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Acceleration in Circular Motion

  1. Apr 11, 2014 #1
    Could anyone help my with proving that the acceleration of an object that is moving with uniform circular motion is directed towards the centre of the circle and is of magnitude ω^2(r). Thanks
     
  2. jcsd
  3. Apr 11, 2014 #2
    Directed towards centre because motion is uniform, so speed constant, which means no force in direction of motion. Has to be in not out in order to "push" the object round in a circle.

    For the magnitude... try drawing a vector triangle showing the change in velocity for a small distance moved around the circle - the 3 sides of the triangle being the initial velocity, the final velocity (the velocity after moving a small distance around), and the change in the velocity. Then you have a velocity change, and remember that acceleration is change in velocity per unit time. And you know know the relation between velocity and angular velocity: v = ωr. That should be enough information to get there...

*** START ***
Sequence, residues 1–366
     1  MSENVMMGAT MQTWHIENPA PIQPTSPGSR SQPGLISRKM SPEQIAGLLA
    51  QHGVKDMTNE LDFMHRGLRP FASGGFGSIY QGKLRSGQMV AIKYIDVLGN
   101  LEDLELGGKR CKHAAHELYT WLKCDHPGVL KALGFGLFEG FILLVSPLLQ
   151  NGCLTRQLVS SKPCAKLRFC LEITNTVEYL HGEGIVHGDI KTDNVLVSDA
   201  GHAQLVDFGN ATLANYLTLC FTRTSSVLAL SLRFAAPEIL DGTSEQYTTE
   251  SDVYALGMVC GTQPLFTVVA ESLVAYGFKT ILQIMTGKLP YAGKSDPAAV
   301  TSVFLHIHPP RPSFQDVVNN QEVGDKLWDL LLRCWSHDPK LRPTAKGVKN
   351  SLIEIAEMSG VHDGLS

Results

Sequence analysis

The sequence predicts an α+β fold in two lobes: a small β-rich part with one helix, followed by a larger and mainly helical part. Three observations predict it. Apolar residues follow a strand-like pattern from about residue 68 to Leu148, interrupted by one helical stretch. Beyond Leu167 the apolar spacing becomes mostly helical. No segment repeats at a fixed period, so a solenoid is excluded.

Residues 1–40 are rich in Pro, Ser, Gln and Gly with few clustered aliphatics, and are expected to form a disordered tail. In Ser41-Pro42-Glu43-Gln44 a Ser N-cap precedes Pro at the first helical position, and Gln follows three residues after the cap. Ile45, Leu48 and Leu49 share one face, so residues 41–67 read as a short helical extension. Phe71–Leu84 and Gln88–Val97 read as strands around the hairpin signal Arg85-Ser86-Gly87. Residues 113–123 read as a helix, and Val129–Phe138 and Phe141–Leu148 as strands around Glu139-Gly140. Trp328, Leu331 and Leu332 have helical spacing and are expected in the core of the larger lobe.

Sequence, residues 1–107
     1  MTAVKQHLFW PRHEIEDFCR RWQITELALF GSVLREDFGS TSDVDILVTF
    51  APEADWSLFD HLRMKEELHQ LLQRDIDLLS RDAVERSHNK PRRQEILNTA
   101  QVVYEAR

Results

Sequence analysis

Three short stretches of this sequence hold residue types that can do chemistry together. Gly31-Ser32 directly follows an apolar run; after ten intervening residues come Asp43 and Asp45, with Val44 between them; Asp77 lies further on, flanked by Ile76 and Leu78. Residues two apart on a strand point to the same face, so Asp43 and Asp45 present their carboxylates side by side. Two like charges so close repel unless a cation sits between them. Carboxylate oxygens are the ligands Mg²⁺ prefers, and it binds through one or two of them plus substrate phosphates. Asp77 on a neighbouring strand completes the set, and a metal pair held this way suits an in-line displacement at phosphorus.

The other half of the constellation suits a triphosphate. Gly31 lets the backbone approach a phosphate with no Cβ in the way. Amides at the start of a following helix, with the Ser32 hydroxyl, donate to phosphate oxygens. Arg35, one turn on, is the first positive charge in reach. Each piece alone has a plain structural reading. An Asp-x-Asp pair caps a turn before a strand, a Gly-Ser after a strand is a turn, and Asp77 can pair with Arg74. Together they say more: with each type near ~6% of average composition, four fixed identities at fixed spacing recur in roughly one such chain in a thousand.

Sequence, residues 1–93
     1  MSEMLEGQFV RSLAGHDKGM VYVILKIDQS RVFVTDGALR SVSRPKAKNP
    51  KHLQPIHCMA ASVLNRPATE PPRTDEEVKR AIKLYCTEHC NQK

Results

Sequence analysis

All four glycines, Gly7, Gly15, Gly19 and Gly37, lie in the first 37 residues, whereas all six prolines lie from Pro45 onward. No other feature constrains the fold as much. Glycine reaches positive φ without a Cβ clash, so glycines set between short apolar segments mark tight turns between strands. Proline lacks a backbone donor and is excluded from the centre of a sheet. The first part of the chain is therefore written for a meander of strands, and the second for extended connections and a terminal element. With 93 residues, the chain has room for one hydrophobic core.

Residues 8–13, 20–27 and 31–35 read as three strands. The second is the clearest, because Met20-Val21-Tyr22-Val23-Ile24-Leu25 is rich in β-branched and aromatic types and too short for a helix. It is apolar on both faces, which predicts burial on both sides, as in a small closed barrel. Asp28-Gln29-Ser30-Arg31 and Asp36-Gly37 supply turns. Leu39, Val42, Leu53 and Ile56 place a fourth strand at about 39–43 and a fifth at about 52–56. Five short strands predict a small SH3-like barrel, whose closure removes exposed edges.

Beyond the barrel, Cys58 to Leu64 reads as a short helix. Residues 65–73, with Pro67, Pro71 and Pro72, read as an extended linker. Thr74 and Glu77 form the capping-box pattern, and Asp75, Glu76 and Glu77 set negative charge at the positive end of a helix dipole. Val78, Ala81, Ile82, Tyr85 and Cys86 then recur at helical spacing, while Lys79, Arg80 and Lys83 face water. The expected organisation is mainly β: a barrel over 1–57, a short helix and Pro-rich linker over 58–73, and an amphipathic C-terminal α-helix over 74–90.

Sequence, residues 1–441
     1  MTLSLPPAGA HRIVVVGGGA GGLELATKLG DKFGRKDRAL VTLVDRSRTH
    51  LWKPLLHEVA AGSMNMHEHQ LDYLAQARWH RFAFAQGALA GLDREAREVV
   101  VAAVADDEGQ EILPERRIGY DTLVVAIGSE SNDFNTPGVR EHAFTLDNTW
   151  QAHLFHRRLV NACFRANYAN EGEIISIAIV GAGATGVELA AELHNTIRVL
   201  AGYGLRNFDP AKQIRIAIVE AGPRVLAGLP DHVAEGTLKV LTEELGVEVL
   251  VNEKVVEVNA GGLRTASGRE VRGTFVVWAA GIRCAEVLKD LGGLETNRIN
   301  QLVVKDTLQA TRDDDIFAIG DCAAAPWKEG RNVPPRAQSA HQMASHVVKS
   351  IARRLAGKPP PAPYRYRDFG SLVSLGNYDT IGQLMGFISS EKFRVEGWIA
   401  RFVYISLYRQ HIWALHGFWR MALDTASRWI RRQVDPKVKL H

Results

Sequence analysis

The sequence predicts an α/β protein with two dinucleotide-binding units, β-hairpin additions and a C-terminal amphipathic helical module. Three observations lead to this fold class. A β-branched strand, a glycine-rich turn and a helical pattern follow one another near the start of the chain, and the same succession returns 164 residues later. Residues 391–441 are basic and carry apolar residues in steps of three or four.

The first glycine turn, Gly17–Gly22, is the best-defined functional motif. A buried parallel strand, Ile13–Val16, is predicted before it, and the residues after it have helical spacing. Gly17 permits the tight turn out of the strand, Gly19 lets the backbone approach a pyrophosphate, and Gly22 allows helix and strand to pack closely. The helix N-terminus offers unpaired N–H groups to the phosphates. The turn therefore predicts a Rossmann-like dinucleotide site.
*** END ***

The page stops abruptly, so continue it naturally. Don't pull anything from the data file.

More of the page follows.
Hope this helps!
     
  4. Apr 11, 2014 #3
    That is great, thanks a million! It is much clearer to visualise now. :)
     
  5. Apr 11, 2014 #4

    jtbell

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    Staff: Mentor

  6. Apr 11, 2014 #5
    Thanks jtbell, just had a look at the link and this is also really helpful. Thanks a mill :)
     
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